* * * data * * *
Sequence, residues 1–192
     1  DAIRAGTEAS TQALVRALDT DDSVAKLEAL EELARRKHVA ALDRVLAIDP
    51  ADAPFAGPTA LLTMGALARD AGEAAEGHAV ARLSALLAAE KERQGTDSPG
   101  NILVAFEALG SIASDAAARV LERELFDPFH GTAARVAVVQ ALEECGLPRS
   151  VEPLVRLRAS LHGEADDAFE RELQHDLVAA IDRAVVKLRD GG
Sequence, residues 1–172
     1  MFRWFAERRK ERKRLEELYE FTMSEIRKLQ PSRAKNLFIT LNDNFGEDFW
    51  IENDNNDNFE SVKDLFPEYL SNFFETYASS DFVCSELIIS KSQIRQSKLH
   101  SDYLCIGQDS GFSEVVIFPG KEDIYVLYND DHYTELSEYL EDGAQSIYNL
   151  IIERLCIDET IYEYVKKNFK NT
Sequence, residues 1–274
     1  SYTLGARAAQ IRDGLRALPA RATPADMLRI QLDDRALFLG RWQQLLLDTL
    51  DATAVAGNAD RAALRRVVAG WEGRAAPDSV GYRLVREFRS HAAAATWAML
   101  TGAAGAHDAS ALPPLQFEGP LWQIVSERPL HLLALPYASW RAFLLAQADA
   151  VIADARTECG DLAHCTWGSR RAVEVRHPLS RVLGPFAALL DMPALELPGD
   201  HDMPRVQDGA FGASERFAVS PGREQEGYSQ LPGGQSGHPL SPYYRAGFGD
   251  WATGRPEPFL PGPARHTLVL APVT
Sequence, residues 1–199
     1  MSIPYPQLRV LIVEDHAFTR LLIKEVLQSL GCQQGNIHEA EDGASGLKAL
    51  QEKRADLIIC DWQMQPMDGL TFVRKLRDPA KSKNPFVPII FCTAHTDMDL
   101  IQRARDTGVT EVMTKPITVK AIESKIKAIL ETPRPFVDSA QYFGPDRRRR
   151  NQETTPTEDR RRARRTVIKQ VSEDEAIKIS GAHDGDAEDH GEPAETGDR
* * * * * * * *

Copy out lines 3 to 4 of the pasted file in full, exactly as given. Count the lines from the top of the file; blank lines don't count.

    51  ADAPFAGPTA LLTMGALARD AGEAAEGHAV ARLSALLAAE KERQGTDSPG
   101  NILVAFEALG SIASDAAARV LERELFDPFH GTAARVAVVQ ALEECGLPRS